[EM] Condorcet cyclic drop rule

Blake Cretney bcretney at postmark.net
Sun Apr 1 12:33:32 PDT 2001

Subject: [EM] Correction about Ranked Pairs(margins) 
Date: Thu, 29 Mar 2001 07:19:46 -0000
From: "MIKE OSSIPOFF" <nkklrp at hotmail.com>
> When Mr. Condorcet made his proposals, he specified that defeats be
> measured by defeat-support. And that's the only defeat measure that
> confers compliance with the defensive strategy criteria.
> Ranked-Pairs(defeat-support) is something that Condorcet proposed,
> and it meets all 4 of the majority defensive strategy criteria,
> as does Cloneproof SSD.

Of course Condorcet didn't really propose Ranked-Pairs
(defeat-support).  That method was invented recently by Mike, based on
the method Tideman invented around 1985.  Condorcet wrote in the

Subject: Re: [EM] Condorcet cyclic drop rule
Date: Wed, 28 Mar 2001 03:26:23 -0000

> Defeat Support is what Condorcet himself specified. Norm & Markus
> posted quotations about that. They're in the archives for last year.

Unfortunately, at the time of that discussion, I didn't have access to
a Condorcet translation, so I had to rely on others to give quotes.  I
currently have a book though: 

Iain Mclean, Fiona Hewitt, 1994
"Condorcet:  Foundations of Social Choice and Political Theory"
Edward Elgar Publishing Limited

It isn't a complete translation of his works.  Unfortunately, one
important section is merely described, instead of being presented as a
translation.  However, I think it proves my case.

Here are some back-ground quotes.  These are by Condorcet (although
they are translated).  He uses the term plurality as we might use the
term majority today.

For example, p 137 "An Essay on the Application of Probability Theory
to Plurality Decision-Making" 1785

> The Proposition `A is better than B' therefore obtains 41 
> votes to 40.

p 126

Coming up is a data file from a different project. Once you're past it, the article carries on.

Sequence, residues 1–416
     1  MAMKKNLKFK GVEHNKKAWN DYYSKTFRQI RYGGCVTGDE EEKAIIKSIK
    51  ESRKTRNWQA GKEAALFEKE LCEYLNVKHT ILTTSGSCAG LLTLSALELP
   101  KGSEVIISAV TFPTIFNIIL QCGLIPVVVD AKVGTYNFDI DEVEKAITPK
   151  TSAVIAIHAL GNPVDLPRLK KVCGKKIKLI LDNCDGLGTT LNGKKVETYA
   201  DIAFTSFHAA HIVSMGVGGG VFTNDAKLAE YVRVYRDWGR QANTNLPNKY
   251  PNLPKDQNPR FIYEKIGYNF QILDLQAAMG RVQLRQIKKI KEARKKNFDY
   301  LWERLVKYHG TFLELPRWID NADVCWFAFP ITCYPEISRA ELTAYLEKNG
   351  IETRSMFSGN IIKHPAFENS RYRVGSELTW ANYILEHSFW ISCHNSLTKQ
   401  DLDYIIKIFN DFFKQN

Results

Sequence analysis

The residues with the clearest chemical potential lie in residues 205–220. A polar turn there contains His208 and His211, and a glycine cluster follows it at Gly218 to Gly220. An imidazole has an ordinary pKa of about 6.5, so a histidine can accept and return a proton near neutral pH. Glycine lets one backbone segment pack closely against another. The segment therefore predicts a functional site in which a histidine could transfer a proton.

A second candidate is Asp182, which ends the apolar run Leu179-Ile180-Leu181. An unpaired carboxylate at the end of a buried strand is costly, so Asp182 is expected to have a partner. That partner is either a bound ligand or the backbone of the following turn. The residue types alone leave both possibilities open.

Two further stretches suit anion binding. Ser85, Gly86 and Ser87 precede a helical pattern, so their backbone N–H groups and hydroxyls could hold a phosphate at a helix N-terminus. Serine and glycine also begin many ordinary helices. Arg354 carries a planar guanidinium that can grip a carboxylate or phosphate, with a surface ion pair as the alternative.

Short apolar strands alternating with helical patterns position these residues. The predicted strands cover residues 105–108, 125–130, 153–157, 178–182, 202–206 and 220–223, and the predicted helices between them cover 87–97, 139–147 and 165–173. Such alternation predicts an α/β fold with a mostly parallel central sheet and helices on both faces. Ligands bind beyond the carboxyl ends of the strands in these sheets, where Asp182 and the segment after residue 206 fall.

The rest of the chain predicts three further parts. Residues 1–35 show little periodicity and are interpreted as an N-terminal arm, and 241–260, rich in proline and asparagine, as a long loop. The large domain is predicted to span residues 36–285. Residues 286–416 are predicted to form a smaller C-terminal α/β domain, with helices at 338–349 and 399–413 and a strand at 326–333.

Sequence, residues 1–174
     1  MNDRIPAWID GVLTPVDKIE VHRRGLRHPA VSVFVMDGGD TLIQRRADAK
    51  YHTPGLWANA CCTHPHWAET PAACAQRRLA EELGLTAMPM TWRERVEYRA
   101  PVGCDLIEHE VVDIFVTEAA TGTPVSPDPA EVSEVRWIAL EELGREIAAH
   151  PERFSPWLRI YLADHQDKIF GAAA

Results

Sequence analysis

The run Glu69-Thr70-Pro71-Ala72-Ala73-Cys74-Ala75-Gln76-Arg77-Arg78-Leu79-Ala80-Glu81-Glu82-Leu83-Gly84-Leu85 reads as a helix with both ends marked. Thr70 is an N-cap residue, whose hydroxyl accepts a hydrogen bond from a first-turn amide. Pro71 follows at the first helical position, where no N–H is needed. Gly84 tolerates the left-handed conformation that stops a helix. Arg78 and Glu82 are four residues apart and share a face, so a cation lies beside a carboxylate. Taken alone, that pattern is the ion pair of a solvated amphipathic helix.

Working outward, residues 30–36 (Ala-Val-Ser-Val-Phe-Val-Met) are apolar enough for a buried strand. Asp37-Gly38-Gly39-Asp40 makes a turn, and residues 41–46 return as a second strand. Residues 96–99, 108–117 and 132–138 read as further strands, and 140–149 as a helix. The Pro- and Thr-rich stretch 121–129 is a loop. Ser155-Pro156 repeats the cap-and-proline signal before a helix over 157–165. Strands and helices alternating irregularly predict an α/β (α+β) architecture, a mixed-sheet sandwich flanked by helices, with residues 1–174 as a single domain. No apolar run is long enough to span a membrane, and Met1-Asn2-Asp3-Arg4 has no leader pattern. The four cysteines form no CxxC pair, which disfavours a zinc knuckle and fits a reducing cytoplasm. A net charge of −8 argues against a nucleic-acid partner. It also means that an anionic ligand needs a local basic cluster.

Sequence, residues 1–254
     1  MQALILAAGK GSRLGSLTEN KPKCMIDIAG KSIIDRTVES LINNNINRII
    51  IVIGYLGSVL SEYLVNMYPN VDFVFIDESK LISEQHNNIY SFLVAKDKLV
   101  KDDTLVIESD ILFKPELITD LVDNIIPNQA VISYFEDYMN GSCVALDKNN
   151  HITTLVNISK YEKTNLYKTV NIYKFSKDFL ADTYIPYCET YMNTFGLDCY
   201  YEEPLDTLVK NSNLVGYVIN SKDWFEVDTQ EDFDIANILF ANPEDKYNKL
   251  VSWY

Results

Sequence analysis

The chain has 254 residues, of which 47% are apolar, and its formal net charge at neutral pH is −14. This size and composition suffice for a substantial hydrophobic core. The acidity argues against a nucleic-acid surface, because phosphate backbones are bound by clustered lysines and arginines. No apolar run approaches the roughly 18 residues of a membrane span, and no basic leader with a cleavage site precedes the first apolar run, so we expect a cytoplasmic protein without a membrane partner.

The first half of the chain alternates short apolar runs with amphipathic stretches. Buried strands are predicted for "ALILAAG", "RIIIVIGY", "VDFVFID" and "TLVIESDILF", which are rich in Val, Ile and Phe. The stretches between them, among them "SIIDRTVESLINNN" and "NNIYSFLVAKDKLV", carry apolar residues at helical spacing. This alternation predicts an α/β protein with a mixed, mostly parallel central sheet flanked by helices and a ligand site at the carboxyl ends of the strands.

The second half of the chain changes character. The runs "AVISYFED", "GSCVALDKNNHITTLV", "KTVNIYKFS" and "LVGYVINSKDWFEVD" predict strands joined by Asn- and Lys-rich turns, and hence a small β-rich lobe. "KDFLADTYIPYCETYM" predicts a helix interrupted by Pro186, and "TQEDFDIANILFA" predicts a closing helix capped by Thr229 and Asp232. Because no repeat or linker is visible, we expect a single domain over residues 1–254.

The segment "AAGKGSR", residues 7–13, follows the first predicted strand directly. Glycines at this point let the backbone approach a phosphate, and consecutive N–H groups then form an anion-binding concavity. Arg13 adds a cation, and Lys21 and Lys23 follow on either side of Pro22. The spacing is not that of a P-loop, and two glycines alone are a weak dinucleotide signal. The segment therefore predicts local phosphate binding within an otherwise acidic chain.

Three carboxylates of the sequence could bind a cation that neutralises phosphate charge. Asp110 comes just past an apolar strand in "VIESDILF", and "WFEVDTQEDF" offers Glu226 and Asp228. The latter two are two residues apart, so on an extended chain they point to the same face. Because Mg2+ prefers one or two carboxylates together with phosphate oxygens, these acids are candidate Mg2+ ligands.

> the first of which has a plurality of 37 votes to 23, and 
> the second a minority of 29 against 31

p 136
> it would seem more reasonable to judge these propositions, 
> not according to the preceding hypothesis, but according 
> to the degree of plurality they have obtained.

The preceding hypothesis is that of Borda.  I present these to show
that Condorcet talks about the "degree of plurality" as being the
deciding point.  He seems to speak of pluralities as a pair of values,
however.  Norm's argument was that at the time plurality strength
would have been measured by the number on the winning side, and he
gave a quote from a French dictionary of the time in support of this. 
Norm reasoned that Condorcet must have meant winning-side voters by
"degree of plurality".

I argued that since no one had come up with an example where Condorcet
had considered incomplete rankings, he hadn't.  So, even if he did say
to only use winning-side voters, this wouldn't have mattered because
he wasn't comparing margins to winning-votes.  

These quotes show, first, that he intended voters to use ballots:

p 111 "On Ballot Votes" 1784
> Clearly, once the list of candidates in order of merit has 
> been submitted, we can extract from it each voter's 
> judgement on the relative merits of any two candidates.

And that he expected these ballots to be complete:

p 123 "Essay..."
> In general, therefore, we should replace this method with 
> one in which each voter simultaneously shows his preferences 
> among all the candidates by placing them in order of merit.

"This method" is the traditional plurality method.

The preceding was just to give some back-ground to the discussion.  To
see that Condorcet's argument is based on margins, consider the
following quote

> We must now look at the case in which a decision is made with the
> possible plurality.  If we suppose each vote to have a probability
of 9/10 of 
> being correct, then for 10 candidates, we only require a plurality
of four 
> votes to have, even in the worst possible case, a probability of
99/100 of 
> having made a good choice.

You might wonder what on earth he is talking about.  Where did this
probability come from?  According to the translators (p35), he clearly
presents what he means:

v=chance of truth -- note that v doesn't stand for votes, it stands
for verite
e=chance of error 1-v
h=votes for majority 
k=votes against majority

p = v^(h-k) / [v^(h-k) + e^(h-k)]

The book introduces this as a "formulae of classical probability", of
course, adapted by Condorcet for his use.  It assumes that voters have
some equal chance of being correct, and that they act independently.

The point is that Condorcet's formula, called Condorcet's jury
theorem, relies on margins, h-k.  So, Condorcet not only specifies
margins, but his whole probabilistic argument makes no sense, unless
you realize he is talking about margins.

Blake Cretney

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